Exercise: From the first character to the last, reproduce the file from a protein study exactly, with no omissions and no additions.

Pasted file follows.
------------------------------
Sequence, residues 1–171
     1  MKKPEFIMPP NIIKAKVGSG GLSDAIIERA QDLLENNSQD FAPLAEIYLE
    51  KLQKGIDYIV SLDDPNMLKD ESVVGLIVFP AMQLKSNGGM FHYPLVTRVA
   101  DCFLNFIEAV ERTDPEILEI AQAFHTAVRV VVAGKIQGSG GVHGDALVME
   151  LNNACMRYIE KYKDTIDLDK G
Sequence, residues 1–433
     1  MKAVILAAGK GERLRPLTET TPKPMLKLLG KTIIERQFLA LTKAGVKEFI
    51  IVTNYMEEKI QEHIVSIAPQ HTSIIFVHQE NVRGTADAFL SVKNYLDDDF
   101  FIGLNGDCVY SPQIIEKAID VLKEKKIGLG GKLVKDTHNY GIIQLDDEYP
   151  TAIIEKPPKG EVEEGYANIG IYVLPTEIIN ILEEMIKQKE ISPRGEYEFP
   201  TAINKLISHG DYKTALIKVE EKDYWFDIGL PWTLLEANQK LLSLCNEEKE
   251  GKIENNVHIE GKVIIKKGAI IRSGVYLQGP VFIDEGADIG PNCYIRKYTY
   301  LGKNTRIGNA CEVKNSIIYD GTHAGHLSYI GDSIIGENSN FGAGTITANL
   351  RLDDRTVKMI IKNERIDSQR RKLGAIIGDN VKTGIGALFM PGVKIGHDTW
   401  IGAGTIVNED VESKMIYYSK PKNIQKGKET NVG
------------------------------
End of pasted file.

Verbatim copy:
Sequence, residues 1–171
     1  MKKPEFIMPP NIIKAKVGSG GLSDAIIERA QDLLENNSQD FAPLAEIYLE
    51  KLQKGIDYIV SLDDPNMLKD ESVVGLIVFP AMQLKSNGGM FHYPLVTRVA
   101  DCFLNFIEAV ERTDPEILEI AQAFHTAVRV VVAGKIQGSG GVHGDALVME
   151  LNNACMRYIE KYKDTIDLDK G
Sequence, residues 1–433
     1  MKAVILAAGK GERLRPLTET TPKPMLKLLG KTIIERQFLA LTKAGVKEFI
    51  IVTNYMEEKI QEHIVSIAPQ HTSIIFVHQE NVRGTADAFL SVKNYLDDDF
   101  FIGLNGDCVY SPQIIEKAID VLKEKKIGLG GKLVKDTHNY GIIQLDDEYP
   151  TAIIEKPPKG EVEEGYANIG IYVLPTEIIN ILEEMIKQKE ISPRGEYEFP
   201  TAINKLISHG DYKTALIKVE EKDYWFDIGL PWTLLEANQK LLSLCNEEKE
   251  GKIENNVHIE GKVIIKKGAI IRSGVYLQGP VFIDEGADIG PNCYIRKYTY
   301  LGKNTRIGNA CEVKNSIIYD GTHAGHLSYI GDSIIGENSN FGAGTITANL
   351  RLDDRTVKMI IKNERIDSQR RKLGAIIGDN VKTGIGALFM PGVKIGHDTW
   401  IGAGTIVNED VESKMIYYSK PKNIQKGKET NVG